Do banks hold physical gold?

Most banks store gold in their underground vaults, although some keep their physical gold in foreign exchange reserves. For example, of its 612 tons, the Dutch central bank has 15,000 gold ingots, or 31 percent, of its available gold stocks; another 31 percent is in the Federal Reserve Bank of New York. Banks sell gold ingots and coins, as well as silver coins, but the vast majority of Americans don't have access to these precious metals unless they consult a Gold IRA expert. Banks don't make gold or silver available to the public. Banks usually avoid selling precious metals due to fluctuating prices.

And even if a bank sells gold or silver, its inventories don't usually match the size and variety of inventory found in precious metals companies and other sellers. When inflation and inflation expectations are high, gold is considered a hedge against accelerating asset prices. Central banks buy gold to protect the purchasing power of their currencies in the event of inflation. The Federal Reserve does not own gold.

A gold reserve is gold held by a national central bank, primarily intended to guarantee the reimbursement of payment promises to depositors and banknote holders (p. e.g. Paper money), or its trading pairs, during the era of the gold standard, and also as a store of value or to support the value of the national currency. For most of history, a nation's gold reserves were considered its main financial asset and an important war prize.

The Belgian government transferred one-third of its gold reserves to the United Kingdom, another third to Canada and the United States, and most of the rest to southern France. After the outbreak of the war, the gold deposited in France was sent to Dakar, the capital of Senegal, which was then part of the French colonial empire. . After the Germans occupied Belgium and France in 1940, they demanded the Belgian gold reserve located in Senegal.

In 1941, the French authorities in Vichy organized the transportation of 4,944 boxes containing 198 tons of gold to German Reichsbank officials, and the German Government used them to purchase products and ammunition from neutral countries. The Bank of France fully compensated the National Bank of Belgium for the loss of its gold after the war. The IMF regularly maintains statistics on domestic assets, as reported by several countries. The World Gold Council uses this data to classify and report periodically the gold stocks of countries and official organizations.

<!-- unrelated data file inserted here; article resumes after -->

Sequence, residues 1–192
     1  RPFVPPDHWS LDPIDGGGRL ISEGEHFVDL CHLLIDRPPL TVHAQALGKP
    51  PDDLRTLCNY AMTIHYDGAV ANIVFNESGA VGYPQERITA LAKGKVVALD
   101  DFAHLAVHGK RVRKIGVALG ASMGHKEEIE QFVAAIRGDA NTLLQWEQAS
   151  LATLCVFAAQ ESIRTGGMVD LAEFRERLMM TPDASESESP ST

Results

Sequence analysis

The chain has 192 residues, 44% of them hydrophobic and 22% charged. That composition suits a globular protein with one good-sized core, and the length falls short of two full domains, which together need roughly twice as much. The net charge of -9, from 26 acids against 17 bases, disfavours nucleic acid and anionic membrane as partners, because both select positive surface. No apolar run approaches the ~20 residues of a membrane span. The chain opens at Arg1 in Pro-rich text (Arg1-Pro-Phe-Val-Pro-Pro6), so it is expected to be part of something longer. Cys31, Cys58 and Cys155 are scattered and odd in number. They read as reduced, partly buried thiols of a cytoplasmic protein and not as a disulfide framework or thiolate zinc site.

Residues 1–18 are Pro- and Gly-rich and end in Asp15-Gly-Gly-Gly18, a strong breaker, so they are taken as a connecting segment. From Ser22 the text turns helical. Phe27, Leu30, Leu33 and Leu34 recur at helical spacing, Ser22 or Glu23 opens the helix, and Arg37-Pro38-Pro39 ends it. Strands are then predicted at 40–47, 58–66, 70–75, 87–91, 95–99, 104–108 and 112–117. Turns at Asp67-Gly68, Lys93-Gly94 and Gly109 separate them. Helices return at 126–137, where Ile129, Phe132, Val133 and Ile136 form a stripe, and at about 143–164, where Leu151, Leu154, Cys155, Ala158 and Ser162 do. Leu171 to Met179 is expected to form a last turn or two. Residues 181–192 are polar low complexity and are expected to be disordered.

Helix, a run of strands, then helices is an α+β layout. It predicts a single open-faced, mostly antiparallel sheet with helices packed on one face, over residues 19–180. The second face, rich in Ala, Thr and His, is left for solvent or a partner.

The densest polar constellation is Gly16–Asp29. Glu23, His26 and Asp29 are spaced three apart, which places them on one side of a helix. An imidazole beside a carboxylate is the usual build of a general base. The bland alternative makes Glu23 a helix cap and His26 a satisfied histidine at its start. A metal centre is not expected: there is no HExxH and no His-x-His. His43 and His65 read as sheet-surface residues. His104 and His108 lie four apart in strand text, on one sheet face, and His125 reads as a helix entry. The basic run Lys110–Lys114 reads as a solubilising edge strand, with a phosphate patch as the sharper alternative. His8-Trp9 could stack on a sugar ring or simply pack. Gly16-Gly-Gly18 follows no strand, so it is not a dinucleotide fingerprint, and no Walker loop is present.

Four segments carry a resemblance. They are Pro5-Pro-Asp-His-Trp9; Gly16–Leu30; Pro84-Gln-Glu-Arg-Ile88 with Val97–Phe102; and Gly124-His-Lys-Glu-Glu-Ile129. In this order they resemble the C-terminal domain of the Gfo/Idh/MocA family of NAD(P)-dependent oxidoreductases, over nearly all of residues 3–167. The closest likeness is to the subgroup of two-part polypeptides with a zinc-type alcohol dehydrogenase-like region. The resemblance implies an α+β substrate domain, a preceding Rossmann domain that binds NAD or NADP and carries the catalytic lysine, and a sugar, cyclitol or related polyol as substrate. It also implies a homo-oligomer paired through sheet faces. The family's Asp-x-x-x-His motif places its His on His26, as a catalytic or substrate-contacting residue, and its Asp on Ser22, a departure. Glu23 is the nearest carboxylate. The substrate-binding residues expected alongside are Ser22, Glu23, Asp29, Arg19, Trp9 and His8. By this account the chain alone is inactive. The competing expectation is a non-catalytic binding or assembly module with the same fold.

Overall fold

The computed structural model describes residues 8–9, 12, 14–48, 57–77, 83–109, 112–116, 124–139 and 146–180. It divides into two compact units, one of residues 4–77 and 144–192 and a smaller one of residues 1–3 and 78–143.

The gold listed for each of the countries in the table may not be physically stored in the country listed, since central banks have generally not allowed independent audits of their reserves. The leasing of gold by central banks could call into question the gold holds declared in the following table. Table 3.13 indicates the book value of gold deposited with the Federal Reserve Bank of New York for foreign and international accounts charged for specific purposes. While you may want to buy gold for some of the same reasons as central banks, buying gold through a bank isn't that simple.

Based on the official list of gold holders in the sector prepared by the World Gold Council (which uses IMF data obtained from each bank), the top 40 gold holders on this list were identified. Together, these 42 central banks and monetary institutions claim to have 32,075 tons of gold, which represents 95% of the 33,790 tons of gold that the 100 central banks included in the World Gold Council list claim to have. Gold has been an essential component of nations' financial reserves for centuries, and its attractiveness shows no signs of diminishing, as central banks will once again become net buyers of gold this year. Ronan Manly is a precious metals analyst at BullionStar, whose blogs usually cover current topics, such as what is happening in the London gold market and the gold activities of central banks.

While there is some discussion about gold in BIS documents 40 and 58, the reasons why central banks hold gold as a reserve asset are not discussed. A gold reserve is the gold held by a national central bank, mainly intended to guarantee the reimbursement of payment promises to depositors, to banknote holders (e.g. However, despite the fact that all four countries bought substantial quantities of gold in the last decade, they still lag behind their Western counterparts, since gold represents only 22 percent of Russia's reserves, while China's stocks, of just under 2000 tons, represent only 3 percent. It should be noted that the United States Treasury, which claims to have the largest official gold reserves in the world, 8133 tons of gold, did not respond by explaining why it supposedly has the largest gold reserves in the world.

The cutoff point of this survey were the 42 main gold-holding central banks in the world, which included Australia and Brazil, which are large holders of gold and both are also major domestic producers of gold. The main characteristics that support the unprecedented role of gold constitute, at the same time, the justification for keeping gold within the central bank's reserves. The only reference made by the central bank's fourth gold agreement (which was concluded between the ECB and European central banks) to gold reserves is that “gold is still an important element of global monetary reserves”, but it does not say why. .